Enraged by the American attitude on both these issues, President Erdogan decided to mend ties with Russia. The Syria factor was conspicuous in the meeting between the two presidents as both leaders indicated that they might work together in Syria, where they had, up to now, been at cross-purposes, with Turkey siding with the US against Russia and the Assad regime. Observers also speculate that the Turkish overtures to Russia are coming at a time when Ankara is finding itself increasingly at odds with the United States.
The EU Factor
Before commenting in Erdogan’s recent anger at the European Union, we need to look into the history of their bilateral relations. Historically, Turkey’s relations with the European Union have remained well-established and Ankara has been engaged with its EU accession for more than 50 years now and the ongoing process has become a pillar of various Turkish foreign political initiatives. However, a spate of events in recent months has turned this relationship into the one that is marred by acrimony and bad blood. First of all, Ankara was increasingly upset with the European Union over payments to stem the rising wave of migrants and refugees, mainly from Syria, and granting visa-free status to Turks. The deal stipulated that Turkey would accept back migrants who had crossed into Greece, while the EU would resettle refugees directly from Turkey on a one-for-one basis. Very soon, refugee flows decreased to the point of ceasing completely. But, the deal seems in shambles now.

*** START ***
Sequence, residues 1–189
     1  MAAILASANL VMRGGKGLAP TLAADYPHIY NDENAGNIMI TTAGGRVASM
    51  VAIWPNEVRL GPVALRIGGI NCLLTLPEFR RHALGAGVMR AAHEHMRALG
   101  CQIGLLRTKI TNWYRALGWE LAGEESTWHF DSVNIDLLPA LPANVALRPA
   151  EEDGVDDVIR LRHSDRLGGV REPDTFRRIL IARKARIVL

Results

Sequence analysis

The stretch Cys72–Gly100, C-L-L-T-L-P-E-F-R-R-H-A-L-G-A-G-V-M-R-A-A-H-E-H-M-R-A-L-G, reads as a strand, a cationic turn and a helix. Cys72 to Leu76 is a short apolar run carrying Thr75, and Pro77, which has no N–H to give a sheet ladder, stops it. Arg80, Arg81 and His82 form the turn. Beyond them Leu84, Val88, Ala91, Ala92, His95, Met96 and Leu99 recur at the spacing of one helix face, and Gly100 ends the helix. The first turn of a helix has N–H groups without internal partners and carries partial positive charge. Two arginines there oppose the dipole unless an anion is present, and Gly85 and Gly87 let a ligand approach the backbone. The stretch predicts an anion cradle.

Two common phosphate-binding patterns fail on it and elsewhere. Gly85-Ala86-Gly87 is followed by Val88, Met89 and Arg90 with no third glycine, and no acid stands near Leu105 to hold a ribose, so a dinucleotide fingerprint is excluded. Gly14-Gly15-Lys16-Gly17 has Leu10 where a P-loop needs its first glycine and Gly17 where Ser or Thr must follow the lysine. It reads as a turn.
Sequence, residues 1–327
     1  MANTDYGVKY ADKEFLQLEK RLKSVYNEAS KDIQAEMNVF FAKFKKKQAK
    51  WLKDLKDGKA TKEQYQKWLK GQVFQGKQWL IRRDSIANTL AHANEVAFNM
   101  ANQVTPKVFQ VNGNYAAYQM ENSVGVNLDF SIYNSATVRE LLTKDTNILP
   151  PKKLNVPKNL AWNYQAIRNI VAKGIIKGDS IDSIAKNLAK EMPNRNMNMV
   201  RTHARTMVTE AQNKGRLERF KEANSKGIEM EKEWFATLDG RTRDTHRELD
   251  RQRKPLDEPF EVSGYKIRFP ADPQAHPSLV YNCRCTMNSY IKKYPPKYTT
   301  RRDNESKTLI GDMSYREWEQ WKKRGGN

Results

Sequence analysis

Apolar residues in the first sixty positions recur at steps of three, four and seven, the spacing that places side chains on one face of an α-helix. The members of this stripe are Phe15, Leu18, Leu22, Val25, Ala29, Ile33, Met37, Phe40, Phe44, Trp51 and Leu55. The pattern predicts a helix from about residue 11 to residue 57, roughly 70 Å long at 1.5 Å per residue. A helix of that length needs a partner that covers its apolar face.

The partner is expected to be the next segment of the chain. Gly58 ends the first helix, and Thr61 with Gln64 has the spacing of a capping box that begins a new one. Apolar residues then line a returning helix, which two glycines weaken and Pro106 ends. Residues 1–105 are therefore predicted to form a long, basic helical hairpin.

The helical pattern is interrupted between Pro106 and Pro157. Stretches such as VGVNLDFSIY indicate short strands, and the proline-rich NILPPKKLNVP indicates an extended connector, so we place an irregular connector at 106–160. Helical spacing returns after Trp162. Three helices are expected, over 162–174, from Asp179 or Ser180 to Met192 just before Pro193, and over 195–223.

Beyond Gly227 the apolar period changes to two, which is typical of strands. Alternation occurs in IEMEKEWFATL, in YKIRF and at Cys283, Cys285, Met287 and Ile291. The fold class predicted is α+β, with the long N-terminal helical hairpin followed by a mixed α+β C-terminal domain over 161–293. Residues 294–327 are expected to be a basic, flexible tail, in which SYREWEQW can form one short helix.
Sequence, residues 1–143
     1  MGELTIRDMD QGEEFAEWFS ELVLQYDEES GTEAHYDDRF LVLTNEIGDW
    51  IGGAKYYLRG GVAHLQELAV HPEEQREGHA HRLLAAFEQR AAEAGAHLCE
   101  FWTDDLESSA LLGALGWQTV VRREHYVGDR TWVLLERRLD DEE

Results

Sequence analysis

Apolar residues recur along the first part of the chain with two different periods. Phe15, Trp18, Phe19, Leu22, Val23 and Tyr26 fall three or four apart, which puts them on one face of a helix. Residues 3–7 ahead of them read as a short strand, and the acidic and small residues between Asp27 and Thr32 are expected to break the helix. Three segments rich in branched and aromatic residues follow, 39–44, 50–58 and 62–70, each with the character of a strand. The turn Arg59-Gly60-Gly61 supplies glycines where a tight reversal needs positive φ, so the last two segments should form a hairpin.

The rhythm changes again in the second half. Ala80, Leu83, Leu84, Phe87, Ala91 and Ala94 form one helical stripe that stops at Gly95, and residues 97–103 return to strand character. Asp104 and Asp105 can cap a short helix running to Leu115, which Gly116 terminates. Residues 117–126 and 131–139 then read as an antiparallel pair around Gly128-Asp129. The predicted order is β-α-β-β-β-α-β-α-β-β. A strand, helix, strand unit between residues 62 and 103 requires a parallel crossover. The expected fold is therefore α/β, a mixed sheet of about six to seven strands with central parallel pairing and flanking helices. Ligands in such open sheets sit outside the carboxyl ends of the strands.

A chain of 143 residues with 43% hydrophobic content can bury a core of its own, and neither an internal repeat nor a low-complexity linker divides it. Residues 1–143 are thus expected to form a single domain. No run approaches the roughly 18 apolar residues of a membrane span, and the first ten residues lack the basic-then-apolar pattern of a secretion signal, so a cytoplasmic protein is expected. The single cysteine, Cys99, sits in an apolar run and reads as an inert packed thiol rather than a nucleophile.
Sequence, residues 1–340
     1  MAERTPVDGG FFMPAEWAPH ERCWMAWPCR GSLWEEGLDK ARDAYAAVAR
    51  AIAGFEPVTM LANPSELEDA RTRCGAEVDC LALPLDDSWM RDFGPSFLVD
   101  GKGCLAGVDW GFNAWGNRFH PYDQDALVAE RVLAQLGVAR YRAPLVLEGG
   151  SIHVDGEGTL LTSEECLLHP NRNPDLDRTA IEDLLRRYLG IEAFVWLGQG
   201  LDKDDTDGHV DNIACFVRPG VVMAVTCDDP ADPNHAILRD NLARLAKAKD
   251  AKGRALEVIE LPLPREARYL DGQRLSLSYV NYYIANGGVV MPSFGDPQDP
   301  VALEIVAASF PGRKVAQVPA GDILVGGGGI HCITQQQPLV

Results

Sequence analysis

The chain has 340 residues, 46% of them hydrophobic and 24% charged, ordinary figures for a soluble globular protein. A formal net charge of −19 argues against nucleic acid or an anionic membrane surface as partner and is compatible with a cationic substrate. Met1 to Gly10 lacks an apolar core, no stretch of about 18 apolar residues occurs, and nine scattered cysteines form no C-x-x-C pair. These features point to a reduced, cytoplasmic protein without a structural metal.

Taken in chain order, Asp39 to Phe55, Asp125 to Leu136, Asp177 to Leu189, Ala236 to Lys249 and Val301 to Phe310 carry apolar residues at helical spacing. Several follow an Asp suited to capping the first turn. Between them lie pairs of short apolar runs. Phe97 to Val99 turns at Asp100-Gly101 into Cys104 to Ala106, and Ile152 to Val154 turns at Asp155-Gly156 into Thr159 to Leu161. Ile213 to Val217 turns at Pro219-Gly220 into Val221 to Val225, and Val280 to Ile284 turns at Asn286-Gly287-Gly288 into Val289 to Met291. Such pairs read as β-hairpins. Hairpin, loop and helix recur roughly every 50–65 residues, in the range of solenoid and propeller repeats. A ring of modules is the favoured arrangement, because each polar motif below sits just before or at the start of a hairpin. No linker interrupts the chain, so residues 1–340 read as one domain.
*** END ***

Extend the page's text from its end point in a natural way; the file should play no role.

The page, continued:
Moreover, the failed coup in Turkey and the ensuing crackdown have also intensified new tensions in the EU-Turkey relationship. The EU vows not to compromise on its human rights benchmarks, including requiring Ankara to amend its anti-terrorism laws to meet European standards, particularly by narrowing their scope. EU Enlargement Commissioner Johannes Hahn recently warned Turkey that the bloc would freeze the country’s accession talks if its post-coup crackdown violates EU rule of law norms.